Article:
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Rust?

You call that rust?

by 'eck lad, Iv'e seen much worse



the splines look good

I hope you didnt lose the copper washer or more importantly

the small washer that sits on the splines under the impellor



the stator looks distinctly second hand though

but we kinda knew that didnt we?



Those tubes both 'send' coolant from the pump to the block

block to heads

heads to thermostat

thermostat to rad

rad back to pump

and so on



As for the cam chain

well... not knackered but not new either

so so I suppose.

The adjuster is fairly well out which suggests a well used chain

you see the hole emerging under the spring?

theres a pic somewhere here of new chain and tensioner

hopefully someone will find it so you can compare the two



Another test is to try and 'pick up' the chain from the top ( 12 o clock)

of the camshaft sprocket.

A new chain wont move very much, a worn one will
 

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Discussion Starter · #4 ·
Reg, I remember taking off a peculiar `washer` that looked more like it might be ceramic. It was whiteish in colour with a ridge at the centre facing the back of the impeller. I`ve not thrown anything away so I`m sure to have it. Lots of plastic bags with tags identifying the parts are in the garage.
 

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My 650's tensioner looked a lot like yours. It had about 55000 miles on it, and I decided to get a new chain. I figured it still had maybe 10,000+ miles before absolutely needing replacement. The consensus of the members was to replace it. I posted before and after pictures on Shep's site of what the tensioner looked like.



The washers Reg was referring to are the copper one just under the dome nut, and the spacer washer the same diameter as the cam shaft behind the impeller. The ceramic one is part of the sealing part of the mechanical seal.
 

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My 650's tensioner looked a lot like yours. It had about 55000 miles on it, and I decided to get a new chain. I figured it still had maybe 10,000+ miles before absolutely needing replacement. The consensus of the members was to replace it. I posted before and after pictures on Shep's site of what the tensioner looked like.



The washers Reg was referring to are the copper one just under the dome nut, and the spacer washer the same diameter as the cam shaft behind the impeller. The ceramic one is part of the sealing part of the mechanical seal.


I knew I'd seen it somewhere<grin>




http://globalcxglvtwins.hostingdelivered.com/viewtopic.php?f=7&t=486&p=2358&hilit=tensioner#p2358
 

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This is totally fantastic, as I will soon be doing mine and these pics are worth 100 words. Takes a lot of the "scary" out of a job your doing for the first time to see what it looks like and what goes where. Thanks for posting your progress pics Johnny Canuck, it will really make it a lot easier for me when I start it :)
 

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Discussion Starter · #9 ·
OK...you all have me convinced. Timing chain will be changed. Thanks for feedback everyone and for the posting and pics Shep.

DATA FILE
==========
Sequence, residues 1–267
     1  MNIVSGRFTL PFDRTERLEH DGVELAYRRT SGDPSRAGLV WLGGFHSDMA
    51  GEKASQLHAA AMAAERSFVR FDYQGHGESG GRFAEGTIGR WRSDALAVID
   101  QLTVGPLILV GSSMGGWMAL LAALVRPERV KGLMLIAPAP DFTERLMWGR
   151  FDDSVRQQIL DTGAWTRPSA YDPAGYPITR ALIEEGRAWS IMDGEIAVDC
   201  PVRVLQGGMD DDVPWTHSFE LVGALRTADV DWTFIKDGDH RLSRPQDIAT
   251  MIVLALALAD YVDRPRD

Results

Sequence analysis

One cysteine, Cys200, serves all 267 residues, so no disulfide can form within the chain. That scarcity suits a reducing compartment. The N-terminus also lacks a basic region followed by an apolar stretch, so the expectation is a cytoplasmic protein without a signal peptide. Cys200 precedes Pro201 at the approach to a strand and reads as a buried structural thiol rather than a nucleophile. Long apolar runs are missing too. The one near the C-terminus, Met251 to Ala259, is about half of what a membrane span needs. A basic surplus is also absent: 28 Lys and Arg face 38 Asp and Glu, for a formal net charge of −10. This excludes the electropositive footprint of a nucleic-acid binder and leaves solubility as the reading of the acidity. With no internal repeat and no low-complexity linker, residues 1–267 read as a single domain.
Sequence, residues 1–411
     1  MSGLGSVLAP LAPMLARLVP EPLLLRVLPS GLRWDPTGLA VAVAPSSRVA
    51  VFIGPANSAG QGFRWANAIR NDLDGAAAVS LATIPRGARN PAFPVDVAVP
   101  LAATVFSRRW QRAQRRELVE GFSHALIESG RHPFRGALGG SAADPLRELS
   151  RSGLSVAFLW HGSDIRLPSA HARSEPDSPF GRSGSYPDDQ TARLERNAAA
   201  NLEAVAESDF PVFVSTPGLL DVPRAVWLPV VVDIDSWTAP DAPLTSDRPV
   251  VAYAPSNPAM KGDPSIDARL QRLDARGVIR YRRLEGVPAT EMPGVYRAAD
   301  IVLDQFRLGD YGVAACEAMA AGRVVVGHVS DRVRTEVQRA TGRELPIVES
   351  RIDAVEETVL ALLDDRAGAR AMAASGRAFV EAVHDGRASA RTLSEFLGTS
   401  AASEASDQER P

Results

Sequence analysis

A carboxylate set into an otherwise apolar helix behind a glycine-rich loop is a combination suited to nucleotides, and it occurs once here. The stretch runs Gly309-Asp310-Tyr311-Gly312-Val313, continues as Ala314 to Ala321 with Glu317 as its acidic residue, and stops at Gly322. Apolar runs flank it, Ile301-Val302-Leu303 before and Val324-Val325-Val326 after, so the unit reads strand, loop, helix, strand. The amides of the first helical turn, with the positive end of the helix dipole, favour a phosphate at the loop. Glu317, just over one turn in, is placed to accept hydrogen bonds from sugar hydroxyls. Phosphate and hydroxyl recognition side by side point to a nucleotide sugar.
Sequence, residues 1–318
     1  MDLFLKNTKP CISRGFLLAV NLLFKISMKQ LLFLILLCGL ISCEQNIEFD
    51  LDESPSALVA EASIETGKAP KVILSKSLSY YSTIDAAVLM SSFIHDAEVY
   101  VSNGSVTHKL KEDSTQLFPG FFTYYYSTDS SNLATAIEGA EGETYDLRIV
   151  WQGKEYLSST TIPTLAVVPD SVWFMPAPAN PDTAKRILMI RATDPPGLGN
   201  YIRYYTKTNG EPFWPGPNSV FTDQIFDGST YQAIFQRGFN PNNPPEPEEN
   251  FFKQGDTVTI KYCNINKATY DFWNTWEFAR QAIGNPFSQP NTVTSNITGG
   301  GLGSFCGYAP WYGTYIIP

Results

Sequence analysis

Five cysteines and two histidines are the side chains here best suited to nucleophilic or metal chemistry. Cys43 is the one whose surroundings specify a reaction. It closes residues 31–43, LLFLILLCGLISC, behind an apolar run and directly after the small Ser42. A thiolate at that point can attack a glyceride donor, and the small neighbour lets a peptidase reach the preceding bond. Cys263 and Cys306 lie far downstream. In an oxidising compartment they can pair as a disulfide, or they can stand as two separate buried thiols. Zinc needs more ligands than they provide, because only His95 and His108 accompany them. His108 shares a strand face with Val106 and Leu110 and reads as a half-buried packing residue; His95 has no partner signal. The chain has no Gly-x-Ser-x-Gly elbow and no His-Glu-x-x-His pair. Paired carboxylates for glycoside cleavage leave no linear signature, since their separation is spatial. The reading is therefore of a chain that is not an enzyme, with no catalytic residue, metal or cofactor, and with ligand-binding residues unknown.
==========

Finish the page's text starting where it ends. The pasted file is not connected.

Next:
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Reg, I remember taking off a peculiar `washer` that looked more like it might be ceramic. It was whiteish in colour with a ridge at the centre facing the back of the impeller. I`ve not thrown anything away so I`m sure to have it. Lots of plastic bags with tags identifying the parts are in the garage.


I think what you are describing is the ceramic part of the water pump seal, it inserts into the back side of the impeller. Some here call it the "Polo Mint" because it looks much like the British candy, much like our LifeSavers mints.

The critical washer Reg refers to is the thrust washer, it is much smaller than the ceramic. Don't loose it.
 

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They do get corroded so they can look like they are not on there.I use a scalpel knife to get between the washer groove to check.



I painted this one red but it's not a great picture,







Omitted and the seal will leak.Two on there and the impeller will scrape against the Water pump cover causing damage.
 

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Seems to be a seam at about the same level where the apparent corrosion ends?


That's what causes people to fit a 2nd one thus making the Impeller scrape the Water pump cover.Fully de-corrode with some grit paper and WD40 and then use scalpel type knife and heat.
 

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That sure is a critically important little washer. I have a junked for parts motor that came with my bike. When studying it for my water pump repair I found that washer to be missing. The splines on the cam were mostly smoothed over and the pump had grooved itself into the case. The PO told me that motor had been seized.
 

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Discussion Starter · #20 ·
Well....the other thing I like about this group is the constant feedback. So, I'll go and have a look again at the impeller spline again.



Dave in Wisconsin...yes, that picture double convinces me to do the cam chain.



Maybe I'll be riding again by August!